Bishop’s wife helps young moms

  • Walk on the beach: Fiona Dill with her family (Photograph by Adrian Cunningham)

The wife of a senior island churchman is on a mission to help young moms.

Fiona Dill, married to Anglican Bishop of Bermuda Nicholas Dill, has worked for many years as a doula — a non-medical birth companion.

She said she became aware of the problems struggling young mothers faced and took to the internet to mobilise a support network.

Mrs Dill, a mother of six, said: “Originally, about three or four years ago, I saw an ad on Emoo asking people for items for young moms.

“I made a connection with Sakina Ible, who was a teen mom herself, and who started an organisation called Pregnant with Purpose.

“I have a lot of clients who contact me to say they no longer need an item, but they don’t want to sell it and would rather give it away, so I pass it on to Sakina, and she gives it to teen moms.”

Mrs Dill said she had been able to create a list of contacts through Facebook to supply specific items.

Now she gets requests from people across the island, including health visitors, Teen Haven and churches, and does her best to supply the needed items.

She was speaking as Bermuda prepares to celebrate Mother’s Day tomorrow.

Mrs Dill said: “Because of my connection with the Church, it has raised my awareness of so much need.

“We get a lot of people in real desperation, unable to feed their families, unable to make ends meet and on financial aid, but it’s just not enough.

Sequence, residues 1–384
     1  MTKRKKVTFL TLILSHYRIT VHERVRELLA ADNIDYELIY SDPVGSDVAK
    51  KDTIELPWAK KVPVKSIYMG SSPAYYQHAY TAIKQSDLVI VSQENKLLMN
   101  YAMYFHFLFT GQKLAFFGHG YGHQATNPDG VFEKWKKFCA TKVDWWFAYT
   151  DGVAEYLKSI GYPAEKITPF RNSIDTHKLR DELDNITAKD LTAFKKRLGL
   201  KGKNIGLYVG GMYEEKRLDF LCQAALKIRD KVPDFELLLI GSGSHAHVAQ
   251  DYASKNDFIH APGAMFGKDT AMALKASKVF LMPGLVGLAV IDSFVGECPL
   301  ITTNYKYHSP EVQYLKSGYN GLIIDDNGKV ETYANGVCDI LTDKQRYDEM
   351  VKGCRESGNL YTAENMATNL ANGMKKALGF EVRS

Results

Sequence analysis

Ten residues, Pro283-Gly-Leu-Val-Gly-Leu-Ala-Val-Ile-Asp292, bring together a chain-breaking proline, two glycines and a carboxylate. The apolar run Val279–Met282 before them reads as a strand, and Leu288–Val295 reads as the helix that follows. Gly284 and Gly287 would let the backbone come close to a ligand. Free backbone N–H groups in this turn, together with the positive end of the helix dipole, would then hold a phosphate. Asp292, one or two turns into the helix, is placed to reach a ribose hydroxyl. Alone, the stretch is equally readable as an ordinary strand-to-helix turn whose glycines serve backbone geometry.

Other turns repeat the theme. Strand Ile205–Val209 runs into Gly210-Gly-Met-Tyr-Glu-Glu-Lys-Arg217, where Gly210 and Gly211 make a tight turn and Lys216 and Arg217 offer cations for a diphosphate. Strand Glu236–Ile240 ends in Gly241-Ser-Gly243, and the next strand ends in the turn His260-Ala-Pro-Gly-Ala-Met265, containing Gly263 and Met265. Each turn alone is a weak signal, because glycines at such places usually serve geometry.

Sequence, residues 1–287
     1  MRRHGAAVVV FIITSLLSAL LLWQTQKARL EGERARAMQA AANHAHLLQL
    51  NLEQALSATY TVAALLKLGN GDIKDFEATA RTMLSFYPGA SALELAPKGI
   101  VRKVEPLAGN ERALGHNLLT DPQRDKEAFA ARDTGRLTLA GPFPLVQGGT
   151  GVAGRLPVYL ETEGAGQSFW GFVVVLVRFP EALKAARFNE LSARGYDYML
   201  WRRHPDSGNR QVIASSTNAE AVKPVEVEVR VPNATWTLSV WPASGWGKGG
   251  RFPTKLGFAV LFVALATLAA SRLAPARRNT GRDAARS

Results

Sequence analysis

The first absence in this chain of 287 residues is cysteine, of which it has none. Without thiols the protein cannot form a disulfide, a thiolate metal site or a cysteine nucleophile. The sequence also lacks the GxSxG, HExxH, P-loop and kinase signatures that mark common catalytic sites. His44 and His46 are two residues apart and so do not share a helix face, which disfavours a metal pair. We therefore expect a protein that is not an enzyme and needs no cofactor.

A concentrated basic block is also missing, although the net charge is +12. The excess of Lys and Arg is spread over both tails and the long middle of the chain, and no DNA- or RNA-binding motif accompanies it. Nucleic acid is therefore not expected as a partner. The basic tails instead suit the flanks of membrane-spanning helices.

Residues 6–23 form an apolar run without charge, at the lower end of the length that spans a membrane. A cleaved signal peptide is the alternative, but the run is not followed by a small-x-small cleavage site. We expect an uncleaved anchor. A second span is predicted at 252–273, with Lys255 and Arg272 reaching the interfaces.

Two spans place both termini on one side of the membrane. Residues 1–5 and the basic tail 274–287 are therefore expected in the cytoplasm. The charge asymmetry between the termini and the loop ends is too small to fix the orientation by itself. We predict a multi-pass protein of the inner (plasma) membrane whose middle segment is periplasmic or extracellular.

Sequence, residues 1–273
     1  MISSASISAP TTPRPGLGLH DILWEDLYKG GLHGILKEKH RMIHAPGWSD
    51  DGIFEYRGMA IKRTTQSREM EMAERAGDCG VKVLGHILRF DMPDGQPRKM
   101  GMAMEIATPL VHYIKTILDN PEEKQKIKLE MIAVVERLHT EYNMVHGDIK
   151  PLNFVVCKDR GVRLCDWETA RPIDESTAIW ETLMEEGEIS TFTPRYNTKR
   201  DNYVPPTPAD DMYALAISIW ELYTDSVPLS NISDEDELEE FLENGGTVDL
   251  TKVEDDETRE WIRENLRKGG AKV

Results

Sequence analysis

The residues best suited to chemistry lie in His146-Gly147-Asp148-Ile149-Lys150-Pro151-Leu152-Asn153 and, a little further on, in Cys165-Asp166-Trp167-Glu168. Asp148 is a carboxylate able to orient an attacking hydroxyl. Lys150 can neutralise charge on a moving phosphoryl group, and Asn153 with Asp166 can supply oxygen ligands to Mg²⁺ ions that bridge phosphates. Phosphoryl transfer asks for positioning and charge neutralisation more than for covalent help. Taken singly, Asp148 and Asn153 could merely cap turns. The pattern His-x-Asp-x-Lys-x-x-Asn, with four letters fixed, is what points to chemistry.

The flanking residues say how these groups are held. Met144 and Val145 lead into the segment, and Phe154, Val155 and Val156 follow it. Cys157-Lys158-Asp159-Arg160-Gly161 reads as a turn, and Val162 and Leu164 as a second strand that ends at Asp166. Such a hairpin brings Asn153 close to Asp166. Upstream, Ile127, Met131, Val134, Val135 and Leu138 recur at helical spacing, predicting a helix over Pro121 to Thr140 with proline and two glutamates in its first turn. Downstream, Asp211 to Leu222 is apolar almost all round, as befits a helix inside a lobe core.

“I feel very privileged to be a conduit who can match those that want to donate to those that need donations.

“It’s a very privileged place to be because it takes very little effort and I’m just able to make it happen.”

Mrs Dill, a qualified nurse and a childbirth educator, said she was aware how important it was to support mothers because of her own children, Miriam, Sam, Hannah, Phoebe, Rachael and Ben.

She said she became a certified doula when she was pregnant with her last child.

Mrs Dill explained she wanted to help women through pregnancy and birth, and has since supported 330 mothers through their births.

She said that many had started to see her as a mother figure, and with her knowledge base she has been able to guide women to make informed choices during their pregnancy and birth.

Mrs Dill said: “There is a mothering element to what I do. When I first started 11 years ago I’d just finished having my last baby, and I wasn’t that far off the age of the women I was supporting.

“Now I’m supporting women closer to the age of my eldest daughter, so now I am finding myself as a bit of a mother figure.”

She added her work as a doula had helped to build relationships beyond the birth.

Mrs Dill explained she is on call throughout the pregnancy and provided postnatal help with breastfeeding and making sure that everything is on track with both mother and baby.

She said: “One of the things that I feel when I am a doula is I so want the best for this woman, and I so want to enable them.

“You’re in a bubble during those hours of labour and you are solely there for them, just the way you would be with your own children.”

She has been contacted years later by clients for help with marriage advice and tips on child discipline and how to improve relationships with children.

She said she was pleased to see more support develop for mothers on the island, including medical assistance with problems like postnatal depression.

Mrs Dill added: “I feel like there is a good network of people where women really don’t have to suffer in silence.

“There needs to be an honesty about motherhood and I want people to know that support networks are available, where people can be honest about their struggles.”

Mrs Dill also makes donations to fund a “safe motherhood project” in Sierra Leone, Africa, an educational programme designed to provide information to pregnant women and mothers on nutrition, safe practices and childbirth education.

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